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I need some helpful advice for for an onsite shoot coming up. We are going to the Ohio State Reformatory in Mansfield, Ohio. We are going to be there for almost an entire day.

What I need is advice on what to look for. Obviously the architecture is amazing. So I know to get some grounds and structure. There will be models but I'm not sure how they will be dressed or who will have access to them at what times.

I will have 2 lenses. An 18-55 mm and a 75 - 300 mm. I have 3 filters for each lens. CPL, ND, and a polarizer.
We are allowed to bring tripods and minimum accessories. Basically what we can carry and that's it.

So if anyone has photographed any dilapidated historical buildings and has some advice, it will be very appreciated.

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    This is highly dependent on what you intend to use the images for - is this a pre-arranged shoot as part of a school/university course? – Digital Lightcraft Aug 13 '12 at 15:54
  • I believe this location is pretty picky about photography (specifically use of images) -- hopefully you've already cleared / approved your shoot. – D. Lambert Aug 13 '12 at 16:21
  • Do you want photos to look artistic (soft/ethereal) or like a documentary (sharp)? – Matthew Whited Aug 13 '12 at 17:08
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    Whoever downvoted this needs to stop being a jerk, it's a perfectly good question – user9817 Aug 14 '12 at 7:50
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    @Clara: you need to stop calling people jerks. I didn't downvote, but I can see why someone might have, particularly before I edited the title. Down voting is an important part of the democratic process here. If you disagree, you should a) vote up yourself, b) comment in a positive way offering an explanation beyond "it's a good question", and/or c) edit the question to make it more clear. – mattdm Aug 14 '12 at 12:29
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The basics will apply to pretty much any situation:

Old buildings falling apart tend to have a lot of texture, rust, paint peeling off, old furnature etc that can be used as props. Maybe focus on the contrast between the old and the new? I you know how to do HDR, try that?

Concentrate on: Texture, Strong Verticals/Horizontals, Shadows, Color, Framing etc and Consider B&W for high contrast scenes?

(I know its nothing new and vague, but sometimes you just have to run through these things in your head when you're in the situation to see what would work best?)

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The simple answer is to photograph whatever catches your 'eye' of interest. Personally I wouldn't be swapping lenses back and forth, just use one for half the time and the other for the rest.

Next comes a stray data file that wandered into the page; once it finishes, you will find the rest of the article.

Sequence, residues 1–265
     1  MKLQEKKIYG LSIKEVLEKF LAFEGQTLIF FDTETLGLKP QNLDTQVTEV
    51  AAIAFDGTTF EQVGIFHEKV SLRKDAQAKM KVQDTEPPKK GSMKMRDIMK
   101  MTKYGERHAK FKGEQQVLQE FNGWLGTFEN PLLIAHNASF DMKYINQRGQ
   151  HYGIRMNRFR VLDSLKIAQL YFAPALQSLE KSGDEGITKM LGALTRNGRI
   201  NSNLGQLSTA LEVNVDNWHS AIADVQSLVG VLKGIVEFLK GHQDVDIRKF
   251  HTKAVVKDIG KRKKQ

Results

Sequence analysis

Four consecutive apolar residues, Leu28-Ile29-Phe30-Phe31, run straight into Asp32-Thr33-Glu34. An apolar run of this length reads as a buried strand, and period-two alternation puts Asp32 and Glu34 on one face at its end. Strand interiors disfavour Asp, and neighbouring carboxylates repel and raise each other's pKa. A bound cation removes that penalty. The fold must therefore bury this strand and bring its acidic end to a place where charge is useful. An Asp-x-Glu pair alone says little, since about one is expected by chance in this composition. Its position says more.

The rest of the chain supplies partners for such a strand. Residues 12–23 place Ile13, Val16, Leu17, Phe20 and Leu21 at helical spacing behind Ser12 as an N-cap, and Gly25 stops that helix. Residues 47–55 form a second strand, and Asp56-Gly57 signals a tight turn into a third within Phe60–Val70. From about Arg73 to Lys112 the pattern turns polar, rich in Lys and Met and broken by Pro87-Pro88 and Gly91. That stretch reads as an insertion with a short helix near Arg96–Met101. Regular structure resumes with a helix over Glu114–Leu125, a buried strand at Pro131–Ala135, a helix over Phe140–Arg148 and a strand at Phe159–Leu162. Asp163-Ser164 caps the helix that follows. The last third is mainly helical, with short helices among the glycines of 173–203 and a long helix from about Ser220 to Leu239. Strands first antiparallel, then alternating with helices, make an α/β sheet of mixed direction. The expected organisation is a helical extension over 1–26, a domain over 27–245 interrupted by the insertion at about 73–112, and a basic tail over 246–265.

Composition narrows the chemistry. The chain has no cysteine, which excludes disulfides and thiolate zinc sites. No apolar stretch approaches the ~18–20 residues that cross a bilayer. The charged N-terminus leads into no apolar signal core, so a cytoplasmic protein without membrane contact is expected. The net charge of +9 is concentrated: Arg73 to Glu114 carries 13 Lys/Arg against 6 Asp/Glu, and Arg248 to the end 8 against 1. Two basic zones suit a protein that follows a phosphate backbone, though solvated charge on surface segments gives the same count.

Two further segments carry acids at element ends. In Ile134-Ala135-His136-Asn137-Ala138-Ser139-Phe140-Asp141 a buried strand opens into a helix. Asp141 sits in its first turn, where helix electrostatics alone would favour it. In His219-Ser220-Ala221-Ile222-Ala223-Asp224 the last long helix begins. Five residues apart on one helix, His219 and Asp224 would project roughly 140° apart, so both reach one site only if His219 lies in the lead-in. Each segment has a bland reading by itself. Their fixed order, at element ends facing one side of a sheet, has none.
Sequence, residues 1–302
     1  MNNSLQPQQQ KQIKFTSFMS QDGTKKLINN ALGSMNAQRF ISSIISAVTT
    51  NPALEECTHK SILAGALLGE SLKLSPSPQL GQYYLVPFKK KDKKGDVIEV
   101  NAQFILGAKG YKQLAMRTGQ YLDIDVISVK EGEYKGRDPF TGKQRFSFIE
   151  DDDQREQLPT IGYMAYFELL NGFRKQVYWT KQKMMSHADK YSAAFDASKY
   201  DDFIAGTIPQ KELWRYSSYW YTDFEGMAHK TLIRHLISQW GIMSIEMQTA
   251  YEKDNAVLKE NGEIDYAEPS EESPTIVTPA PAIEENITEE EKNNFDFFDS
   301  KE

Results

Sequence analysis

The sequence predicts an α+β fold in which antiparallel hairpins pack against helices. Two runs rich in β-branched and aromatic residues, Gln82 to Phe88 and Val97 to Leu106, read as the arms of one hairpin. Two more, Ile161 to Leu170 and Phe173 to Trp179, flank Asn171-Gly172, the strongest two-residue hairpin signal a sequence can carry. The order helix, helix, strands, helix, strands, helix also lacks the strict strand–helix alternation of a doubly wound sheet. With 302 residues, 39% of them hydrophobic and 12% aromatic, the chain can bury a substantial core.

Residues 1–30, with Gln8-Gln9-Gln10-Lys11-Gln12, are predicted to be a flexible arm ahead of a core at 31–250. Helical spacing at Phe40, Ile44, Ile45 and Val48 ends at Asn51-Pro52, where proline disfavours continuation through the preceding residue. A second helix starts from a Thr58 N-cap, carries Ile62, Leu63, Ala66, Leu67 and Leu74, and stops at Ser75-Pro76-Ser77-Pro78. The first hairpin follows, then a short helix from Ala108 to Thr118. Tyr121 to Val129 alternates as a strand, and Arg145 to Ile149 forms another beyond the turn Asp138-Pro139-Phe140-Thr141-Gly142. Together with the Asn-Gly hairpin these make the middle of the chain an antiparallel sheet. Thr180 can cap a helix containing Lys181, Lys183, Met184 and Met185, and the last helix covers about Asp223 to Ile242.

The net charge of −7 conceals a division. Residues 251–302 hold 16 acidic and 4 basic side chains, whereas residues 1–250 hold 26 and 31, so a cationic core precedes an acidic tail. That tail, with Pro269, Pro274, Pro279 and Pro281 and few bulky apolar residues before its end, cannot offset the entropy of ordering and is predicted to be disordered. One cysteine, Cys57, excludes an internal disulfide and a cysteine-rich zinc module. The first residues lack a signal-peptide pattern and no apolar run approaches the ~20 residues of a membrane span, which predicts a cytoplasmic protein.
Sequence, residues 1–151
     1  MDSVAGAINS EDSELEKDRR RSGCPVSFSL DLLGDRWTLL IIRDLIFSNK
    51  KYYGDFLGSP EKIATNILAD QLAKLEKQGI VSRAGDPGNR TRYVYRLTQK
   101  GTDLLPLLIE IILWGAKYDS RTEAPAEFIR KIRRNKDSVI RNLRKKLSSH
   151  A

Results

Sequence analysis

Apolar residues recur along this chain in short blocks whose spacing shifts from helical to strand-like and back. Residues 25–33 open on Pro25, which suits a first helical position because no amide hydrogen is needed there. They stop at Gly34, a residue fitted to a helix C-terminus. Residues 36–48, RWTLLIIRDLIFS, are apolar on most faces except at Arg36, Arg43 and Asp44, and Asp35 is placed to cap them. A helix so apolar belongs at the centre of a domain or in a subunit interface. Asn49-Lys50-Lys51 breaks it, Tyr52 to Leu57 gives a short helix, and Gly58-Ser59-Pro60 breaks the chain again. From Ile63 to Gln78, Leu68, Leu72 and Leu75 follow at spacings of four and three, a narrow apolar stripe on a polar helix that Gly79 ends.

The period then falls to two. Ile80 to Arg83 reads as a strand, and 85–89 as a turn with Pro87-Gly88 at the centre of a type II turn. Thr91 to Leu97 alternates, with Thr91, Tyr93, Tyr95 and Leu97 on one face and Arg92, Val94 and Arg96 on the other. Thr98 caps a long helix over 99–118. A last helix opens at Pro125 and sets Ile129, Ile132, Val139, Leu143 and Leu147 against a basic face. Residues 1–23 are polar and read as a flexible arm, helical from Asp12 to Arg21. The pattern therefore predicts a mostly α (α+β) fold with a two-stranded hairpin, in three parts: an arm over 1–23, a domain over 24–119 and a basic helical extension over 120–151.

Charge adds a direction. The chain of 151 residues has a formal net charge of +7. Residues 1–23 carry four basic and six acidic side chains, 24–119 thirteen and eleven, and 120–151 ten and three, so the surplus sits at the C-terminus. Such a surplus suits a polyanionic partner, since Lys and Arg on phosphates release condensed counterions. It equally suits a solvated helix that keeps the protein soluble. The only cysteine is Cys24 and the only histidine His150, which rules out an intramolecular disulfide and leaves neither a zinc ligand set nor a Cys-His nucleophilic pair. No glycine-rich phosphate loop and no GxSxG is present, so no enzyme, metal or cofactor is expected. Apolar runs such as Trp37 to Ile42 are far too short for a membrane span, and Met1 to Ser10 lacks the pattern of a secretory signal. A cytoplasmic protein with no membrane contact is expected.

Old, dilapidated buildings tend to be unlit so a good flash with a diffuser would probably be more use than a tripod but that depends on your style of photography more than anything.

If you don't know the place you could do a quick image search for 'Ohio State Reformatory in Mansfield, Ohio' which gives an idea of the type of images that one could get from a visit there.

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The first issue with photography inside any building... Light.

I would carry (at least) one or two off camera flashes and a remote trigger, and one assistant.

You need to mainly use the ambient light but I am pretty sure the windows are not big ones. You do not want to make the illumination fake, just have enough to balance a bit dark areas.

Practice balancing both, put your tripod, take a shot on any building (start with your house) and try bouncing a flash on other wall and see how it changes. Do not over do the flash.

Obviously you will have large areas where you can only use ambient light.

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This question seems a bit like asking how to go about taking photographs in New York City...there are as many ways as there are photographers.

Some General Options:

  1. Take pictures that express or help you find your artistic vision as a photographer. An artistic vision may be something that you arrive at the site with. It may be something that you discover at the site through shooting. It may be something that you discover while processing the images.

  2. Take pictures that document the building and its condition as if for historical reference or a court proceeding.

  3. Take pictures to show that show 'that you were there' as a tourist might.

Panoramas and close ups and macro photography each could fulfill any and all of these roles...well macro photography might have trouble with the the third. Each could be fulfilled by setting the camera on a tripod, narrowing the aperture, and letting the exposure run for several seconds. Each could be fulfilled by cranking up the ISO and shutter speed. Each could be fulfilled using a collection of off camera lights. The length of a string varies similarly.

Advice:

  1. Experiment.

  2. Or not.

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